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A Crisis of Faith – The Internet and Religion

Science vs. Religion – I’m not venturing there; I don’t think they’ll ever kiss and makeup. The Internet and religion however: now I think they can be good friends.

I’m going to be deviating from my usual rule of not discussing religion.
Don’t be afraid, I’m not going to make a habit of it!

Last month Carl wrote a great, perceptive piece called The Rise of Atheism about how the Internet is facilitating a renaissance in popular atheism: religion – or lack thereof – is cool again. Of course it goes the other way with people “finding out about fundamentalism and how much fun it can be”, but does it go laterally? Is the widespread dissemination of information about different religions converting people, or are the religious majority stuck in a rut of belief about their ‘one true religion’?

Then, two weeks ago, Scott Young wrote an interesting article about Creating Your Own Religion . This resonated with me, as since Carl’s post I was also set on a thought path (or ‘internal conflict’) about my own religion that had been going on inside my mind for a couple of years: I was having a Crisis of Faith.

I wondered whether it was really possible to be relaxed with your religion and use it more as a philosophy on how to run your life rather than a mantra that dictates it? Can we convert not to or from religion, but into a new religion – or philosophical mindset – of our own devices? As Scott advocates, can I really experiment with my belief system, straying from the idealised, trodden path laid out by others, even if it is in direct contradiction with some definitive doctrine of it?

I believe so. We can modify our beliefs, straying from the accepted definition(s) or assumptions of religion without having internal conflict… of our religious, philosophical or scientific minds.

Many aren’t interested in categorising themselves as being in a certain faith’s organization however, and as such it’s the ‘core values’ that really matter to people, giving a ‘life meaning’ and some moral direction in which to live it. For others, having the definitive ‘direction’ that comes with categorisation is important and lends a helping hand. But then, of course, the bigger questions are important too (such as the afterlife: heaven/hell vs. reincarnation vs. endless nothingness) as they can dictate an actual real-life religious affiliation for those that want that guidance.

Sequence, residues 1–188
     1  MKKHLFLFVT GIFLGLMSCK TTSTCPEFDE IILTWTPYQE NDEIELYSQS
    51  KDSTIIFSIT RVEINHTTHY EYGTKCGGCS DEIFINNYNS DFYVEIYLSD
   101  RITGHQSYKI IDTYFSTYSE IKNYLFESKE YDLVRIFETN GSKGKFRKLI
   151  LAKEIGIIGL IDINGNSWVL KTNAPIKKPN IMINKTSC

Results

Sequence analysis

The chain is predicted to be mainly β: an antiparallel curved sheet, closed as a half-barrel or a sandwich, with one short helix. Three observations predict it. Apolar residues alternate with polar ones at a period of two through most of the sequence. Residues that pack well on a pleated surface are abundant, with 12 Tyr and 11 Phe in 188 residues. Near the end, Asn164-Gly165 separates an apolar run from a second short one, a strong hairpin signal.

I’m sure all but the most ‘devout’ atheists have considered why they are here and what the ‘meaning of life’ is, even if for a fleeting second. This isn’t exactly important for the daily running of our lives, but finding answers to these questions in any given faith/philosophy allows us to find guidance on how to best live our lives and what the payoff of doing it in a certain way is (heaven in a religious sense, money and power for capitalist existentialist atheists (joke… sort of), or the moral high-ground from an Aristotelian viewpoint). Values and principles will guide our lives, whether we get them from interpreting a religious text, a philosophy book or from within ourselves. But finding them, interpreting them and living by them is an essential, important aspect of our lives. Without them, why would you live your life like you do?

To me, evolution is fact, and the Big Bang is practically undeniable; before this point, there was neither space nor time. Richard Dawkins is an intelligent man and Stephen Hawking is arguably more so. Yet while one refutes religion whole-heartedly, another allows space for belief in his scientific mentality and vehemently denies accusations that he is atheist (A Brief History of Time discusses God many times, at one point stating that it is wholly possible that a God initiated creation). Terry Eagleton said that “while faith, rather like love, must involve factual knowledge, it is not reducible to it”. I am a scientist in confusion, just attempting to collate my beliefs: as simple as that.